President Obama is asking Democrats to “grind it out” and stick with him and his embattled new entitlement program despite a disastrous launch and new revelations that he misled voters with claims about being able to keep their insurance.
That may work for the blue-state true believers the president spoke to in Boston on Wednesday, but “grind it out” isn’t exactly an ideal swing-state strategy. With approval for Obama and ObamaCare damaged in the rollout crash and concerns mounting rather than receding, the president’s request is a substantial one. “Grind it out” means grinding down their own poll numbers.
In purple state Virginia, the ObamaCare crash has already singed Democrat Terry McAuliffe, the Clinton retainer and moneyman who was previously cruising to election over Republican Ken Cuccinelli. McAuliffe, running as a Clinton Democrat, had worked hard to steer clear of ObamaCare issues and was instead focused on Republican obstructionism as his preferred Washington issue. And that was a winner in a state home to so many federal employees and contractors.
But then came the crash. As this week began, McAuliffe was campaigning with former President Bill Clinton, talking about working across the aisle and riding a 9-point lead in the Quinnipiac University poll. But this Sunday, McAuliffe will find himself only 3 points ahead and campaigning with Obama, namesake of the unpopular law.
Obama will do what he always does in politics: fire up the party’s liberal base and attack Republican efforts. Democratic turnout, especially among black voters, will be key to McAuliffe’s hopes of holding on for the win. But are a few rounds of “Yes we can!” worth reminding suburban moms that McAuliffe has vowed to make the commonwealth a full participant in the law? Such anxiety was enough to help a Republican win a special election in Massachusetts in 2010. McAuliffe may be quietly wishing Obama would limit his Virginia visits to rounds of golf at Ft. Belvoir.
If that’s the case in a state Obama won last year by 3 points, how’s the ObamaCare crash playing in one the president lost by 17 points?
Sen. Mary Landrieu, D-La., will offer her own bill that will allow Americans to keep their existing insurance plans, outbidding Republicans.
When news broke this week that the president for years led voters to believe they could keep their coverage under his insurance overhaul despite knowing otherwise, Republicans pounced offering legislation to block the Obama rules banning low-post, bare-bones coverage.
Landrieu, facing a tough re-election fight in a Republican state, is jumping the line with a bill of her own. “The promise was made and it should be kept,” Landrieu told the New Orleans Times-Picayune. “And it was our understanding when we voted for that, that people when they have insurance, could keep what they had. So, I’m going to be working on that fix.”
Doesn’t sound like Senator Landrieu wants to “grind it out” for ObamaCare.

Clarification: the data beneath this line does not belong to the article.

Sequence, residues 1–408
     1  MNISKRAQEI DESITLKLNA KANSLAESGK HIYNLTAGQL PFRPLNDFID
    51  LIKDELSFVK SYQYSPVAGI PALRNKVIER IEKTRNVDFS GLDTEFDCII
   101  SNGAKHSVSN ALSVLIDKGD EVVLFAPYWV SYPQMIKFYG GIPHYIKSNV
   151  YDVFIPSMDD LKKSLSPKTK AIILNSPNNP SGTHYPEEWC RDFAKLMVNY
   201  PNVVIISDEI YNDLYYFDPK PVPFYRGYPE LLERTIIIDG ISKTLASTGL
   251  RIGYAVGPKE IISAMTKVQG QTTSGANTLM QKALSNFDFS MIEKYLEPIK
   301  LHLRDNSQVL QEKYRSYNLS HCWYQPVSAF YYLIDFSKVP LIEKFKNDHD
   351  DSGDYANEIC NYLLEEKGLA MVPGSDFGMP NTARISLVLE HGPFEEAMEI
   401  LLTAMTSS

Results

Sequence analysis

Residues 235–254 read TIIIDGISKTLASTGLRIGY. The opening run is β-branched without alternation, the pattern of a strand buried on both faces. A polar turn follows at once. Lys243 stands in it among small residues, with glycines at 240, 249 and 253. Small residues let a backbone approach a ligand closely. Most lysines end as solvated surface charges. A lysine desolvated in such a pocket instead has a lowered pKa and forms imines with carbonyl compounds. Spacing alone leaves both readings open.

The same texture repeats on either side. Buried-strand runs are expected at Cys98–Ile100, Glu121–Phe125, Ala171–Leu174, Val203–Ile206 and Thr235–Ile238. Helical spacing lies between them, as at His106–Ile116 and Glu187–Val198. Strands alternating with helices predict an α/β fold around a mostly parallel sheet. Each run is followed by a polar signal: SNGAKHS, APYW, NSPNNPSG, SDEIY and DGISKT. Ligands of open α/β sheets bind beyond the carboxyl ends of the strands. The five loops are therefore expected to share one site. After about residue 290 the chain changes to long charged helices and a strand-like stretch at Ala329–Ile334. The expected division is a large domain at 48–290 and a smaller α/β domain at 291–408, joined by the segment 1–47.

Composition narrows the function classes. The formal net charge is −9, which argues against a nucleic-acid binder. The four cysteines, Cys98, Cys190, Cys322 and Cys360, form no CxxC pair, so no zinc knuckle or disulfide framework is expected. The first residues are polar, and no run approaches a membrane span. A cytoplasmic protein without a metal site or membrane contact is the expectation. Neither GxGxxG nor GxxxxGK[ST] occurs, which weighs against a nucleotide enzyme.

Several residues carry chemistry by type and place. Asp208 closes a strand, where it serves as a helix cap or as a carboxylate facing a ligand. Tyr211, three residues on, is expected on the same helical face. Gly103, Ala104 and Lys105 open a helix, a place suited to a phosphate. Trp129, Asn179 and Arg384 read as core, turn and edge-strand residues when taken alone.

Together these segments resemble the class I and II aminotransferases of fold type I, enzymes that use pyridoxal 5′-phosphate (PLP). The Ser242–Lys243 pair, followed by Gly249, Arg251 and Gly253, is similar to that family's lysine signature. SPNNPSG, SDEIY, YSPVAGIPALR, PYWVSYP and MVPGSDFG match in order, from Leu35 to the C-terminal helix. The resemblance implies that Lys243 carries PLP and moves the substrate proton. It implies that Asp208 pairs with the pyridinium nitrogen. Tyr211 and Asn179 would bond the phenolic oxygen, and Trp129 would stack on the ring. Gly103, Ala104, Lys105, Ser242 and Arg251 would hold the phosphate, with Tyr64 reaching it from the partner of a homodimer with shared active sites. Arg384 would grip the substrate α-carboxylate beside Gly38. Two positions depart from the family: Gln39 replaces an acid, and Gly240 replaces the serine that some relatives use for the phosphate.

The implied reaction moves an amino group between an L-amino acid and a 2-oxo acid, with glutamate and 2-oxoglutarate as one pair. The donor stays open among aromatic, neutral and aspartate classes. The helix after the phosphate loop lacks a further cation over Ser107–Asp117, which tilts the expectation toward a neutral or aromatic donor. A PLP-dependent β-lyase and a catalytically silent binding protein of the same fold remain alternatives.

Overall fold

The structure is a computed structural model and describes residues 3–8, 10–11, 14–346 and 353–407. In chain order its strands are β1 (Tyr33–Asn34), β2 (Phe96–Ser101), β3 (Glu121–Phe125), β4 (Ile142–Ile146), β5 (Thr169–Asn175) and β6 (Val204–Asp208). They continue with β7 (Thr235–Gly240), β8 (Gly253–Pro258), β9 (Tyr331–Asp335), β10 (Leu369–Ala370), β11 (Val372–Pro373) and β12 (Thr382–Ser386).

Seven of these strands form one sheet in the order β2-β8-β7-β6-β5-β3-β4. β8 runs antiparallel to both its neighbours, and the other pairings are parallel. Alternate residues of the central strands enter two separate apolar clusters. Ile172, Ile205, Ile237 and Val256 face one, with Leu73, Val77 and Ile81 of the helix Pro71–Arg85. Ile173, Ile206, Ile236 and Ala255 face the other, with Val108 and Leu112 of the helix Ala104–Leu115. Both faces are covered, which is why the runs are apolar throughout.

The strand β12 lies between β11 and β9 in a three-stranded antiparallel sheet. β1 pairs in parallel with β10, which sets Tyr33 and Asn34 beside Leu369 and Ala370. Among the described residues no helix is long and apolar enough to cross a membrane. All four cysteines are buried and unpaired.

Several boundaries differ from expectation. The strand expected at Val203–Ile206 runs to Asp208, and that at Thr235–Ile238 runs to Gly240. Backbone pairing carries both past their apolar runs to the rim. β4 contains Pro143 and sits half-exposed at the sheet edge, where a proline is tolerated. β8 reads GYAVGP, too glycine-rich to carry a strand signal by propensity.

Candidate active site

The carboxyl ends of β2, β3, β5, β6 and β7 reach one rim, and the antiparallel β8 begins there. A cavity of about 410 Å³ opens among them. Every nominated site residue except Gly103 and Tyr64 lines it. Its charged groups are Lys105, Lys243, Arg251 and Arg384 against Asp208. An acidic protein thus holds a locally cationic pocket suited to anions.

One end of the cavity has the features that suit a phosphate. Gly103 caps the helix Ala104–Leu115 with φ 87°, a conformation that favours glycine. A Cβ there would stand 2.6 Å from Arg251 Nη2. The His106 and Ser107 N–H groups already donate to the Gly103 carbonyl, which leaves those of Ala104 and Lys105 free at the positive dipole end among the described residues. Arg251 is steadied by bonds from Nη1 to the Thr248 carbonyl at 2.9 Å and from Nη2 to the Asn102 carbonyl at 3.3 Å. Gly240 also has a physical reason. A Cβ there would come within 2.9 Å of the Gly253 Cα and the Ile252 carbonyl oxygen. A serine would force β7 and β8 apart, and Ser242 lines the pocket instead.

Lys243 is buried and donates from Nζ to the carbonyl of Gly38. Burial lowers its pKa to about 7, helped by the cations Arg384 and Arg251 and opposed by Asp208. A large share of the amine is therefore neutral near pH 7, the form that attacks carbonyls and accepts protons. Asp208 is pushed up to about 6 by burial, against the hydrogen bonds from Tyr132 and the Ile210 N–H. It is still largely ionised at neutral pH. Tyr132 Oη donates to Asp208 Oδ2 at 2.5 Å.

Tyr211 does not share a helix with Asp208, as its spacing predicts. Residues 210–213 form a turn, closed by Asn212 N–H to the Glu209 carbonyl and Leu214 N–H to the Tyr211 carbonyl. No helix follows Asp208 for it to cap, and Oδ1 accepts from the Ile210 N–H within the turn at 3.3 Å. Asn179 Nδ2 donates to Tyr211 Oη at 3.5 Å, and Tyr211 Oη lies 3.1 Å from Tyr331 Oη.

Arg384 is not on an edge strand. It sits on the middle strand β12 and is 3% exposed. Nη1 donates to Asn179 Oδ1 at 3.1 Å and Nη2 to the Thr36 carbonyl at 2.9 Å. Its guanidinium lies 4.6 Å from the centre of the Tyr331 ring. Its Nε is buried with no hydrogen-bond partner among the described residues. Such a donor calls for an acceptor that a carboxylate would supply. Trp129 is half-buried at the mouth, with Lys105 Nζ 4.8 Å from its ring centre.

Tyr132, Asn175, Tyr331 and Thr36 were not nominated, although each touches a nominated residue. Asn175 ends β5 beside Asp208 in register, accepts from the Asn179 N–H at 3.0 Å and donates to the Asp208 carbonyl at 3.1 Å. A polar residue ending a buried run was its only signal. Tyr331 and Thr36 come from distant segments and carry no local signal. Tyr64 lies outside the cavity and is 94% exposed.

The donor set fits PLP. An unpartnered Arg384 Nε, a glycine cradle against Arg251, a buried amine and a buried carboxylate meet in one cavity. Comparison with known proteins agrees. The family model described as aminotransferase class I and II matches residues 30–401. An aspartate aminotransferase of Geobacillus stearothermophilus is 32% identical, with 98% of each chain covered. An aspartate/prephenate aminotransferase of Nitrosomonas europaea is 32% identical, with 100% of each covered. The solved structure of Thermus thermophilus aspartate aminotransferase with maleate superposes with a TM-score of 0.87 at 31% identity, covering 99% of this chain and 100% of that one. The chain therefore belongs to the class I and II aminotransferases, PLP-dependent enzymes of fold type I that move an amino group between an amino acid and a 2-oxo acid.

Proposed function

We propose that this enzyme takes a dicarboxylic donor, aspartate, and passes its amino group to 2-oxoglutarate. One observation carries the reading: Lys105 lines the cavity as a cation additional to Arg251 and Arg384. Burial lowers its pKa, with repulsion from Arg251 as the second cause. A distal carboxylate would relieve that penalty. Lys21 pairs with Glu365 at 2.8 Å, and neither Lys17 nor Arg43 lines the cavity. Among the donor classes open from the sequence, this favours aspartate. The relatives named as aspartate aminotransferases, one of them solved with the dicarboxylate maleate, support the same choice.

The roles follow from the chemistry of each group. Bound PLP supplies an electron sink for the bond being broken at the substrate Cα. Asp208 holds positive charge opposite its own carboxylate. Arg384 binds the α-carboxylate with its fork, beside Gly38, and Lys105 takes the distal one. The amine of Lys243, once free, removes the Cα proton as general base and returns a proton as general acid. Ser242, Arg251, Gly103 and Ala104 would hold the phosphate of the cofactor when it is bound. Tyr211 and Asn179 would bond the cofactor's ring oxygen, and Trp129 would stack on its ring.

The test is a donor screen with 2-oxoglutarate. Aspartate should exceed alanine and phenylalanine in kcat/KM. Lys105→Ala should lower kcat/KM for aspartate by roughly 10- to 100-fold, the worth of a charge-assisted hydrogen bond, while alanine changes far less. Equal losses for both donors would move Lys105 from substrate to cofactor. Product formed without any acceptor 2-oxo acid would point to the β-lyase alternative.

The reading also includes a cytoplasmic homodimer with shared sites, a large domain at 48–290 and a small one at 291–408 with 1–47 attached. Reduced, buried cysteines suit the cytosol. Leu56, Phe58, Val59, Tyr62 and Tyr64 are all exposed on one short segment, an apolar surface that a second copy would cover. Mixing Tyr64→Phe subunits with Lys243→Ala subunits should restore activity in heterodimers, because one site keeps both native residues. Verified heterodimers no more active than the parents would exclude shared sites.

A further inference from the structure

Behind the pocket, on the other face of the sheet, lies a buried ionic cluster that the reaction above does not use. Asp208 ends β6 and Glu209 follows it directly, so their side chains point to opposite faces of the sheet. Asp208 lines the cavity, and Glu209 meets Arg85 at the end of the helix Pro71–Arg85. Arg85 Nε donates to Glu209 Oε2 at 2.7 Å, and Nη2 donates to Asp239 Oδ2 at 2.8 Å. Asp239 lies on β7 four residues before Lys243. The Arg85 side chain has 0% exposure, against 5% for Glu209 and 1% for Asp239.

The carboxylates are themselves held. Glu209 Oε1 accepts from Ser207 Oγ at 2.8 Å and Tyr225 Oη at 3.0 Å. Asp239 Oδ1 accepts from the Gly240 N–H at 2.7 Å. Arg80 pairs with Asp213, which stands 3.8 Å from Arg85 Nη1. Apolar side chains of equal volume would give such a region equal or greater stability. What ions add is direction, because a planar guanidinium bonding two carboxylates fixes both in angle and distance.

Sen. Joe Manchin, D-W.Va., isn’t grinding it out, either. He is preparing his own legislation that would delay by a full year the imposition of ObamaCare fines for those who don’t buy insurance, despite administration veto threats. The magnitude of the technical failures surrounding the program are so vast that such a delay may be just the starting point of negotiations, especially if the first revelations of signup data reveal a low number of paying customers.
Anew WSJ/NBC News poll shows why.
Obama’s job approval rating skidded to 42 percent, his lowest-ever rating in the poll. That’s an 11-point drop from his job approval rating following his re-election and 5 points since last month. Disapproval for the health law shot up to 47 percent, 10 points ahead of approval, double the gap from earlier this month.
It was a dire WSJ/NBC News poll that drove Republicans to the exits on the partial federal shutdown three weeks ago. Now it’s the Democrats turn for a fright. The president’s tanking poll numbers and the surge in concern over the beleaguered ObamaCare rollout will push more moderate Democrats to conclude that their best path is away from the president and his law. Shutdowns are temporary. ObamaCare is forever.
The frustrations among the Obama Democrats mirror those of Republicans who backed former Sen. Jim DeMint’s “de-fund ObamaCare” gambit ahead of the shutdown.
Like DeMint and his allies, the president and his supporters believe that if more moderate members of their party were willing to go against their beliefs and endure seasick poll numbers that they could win an ideological victory as well as a political one. Just grind it out for a while and it will all work out.
Moderate Republicans weren’t willing to grind their way through the shutdown. Moderate Democrats aren’t going to grind out the ObamaCare crash, either.
Chris Stirewalt is digital politics editor for Fox News. His Power Play column appears Tuesdays and Thursdays at FoxNews.com. Catch Chris live online weekdays at 11:30 am ET. Read his “Fox News First” newsletter published each weekday morning. Sign up here.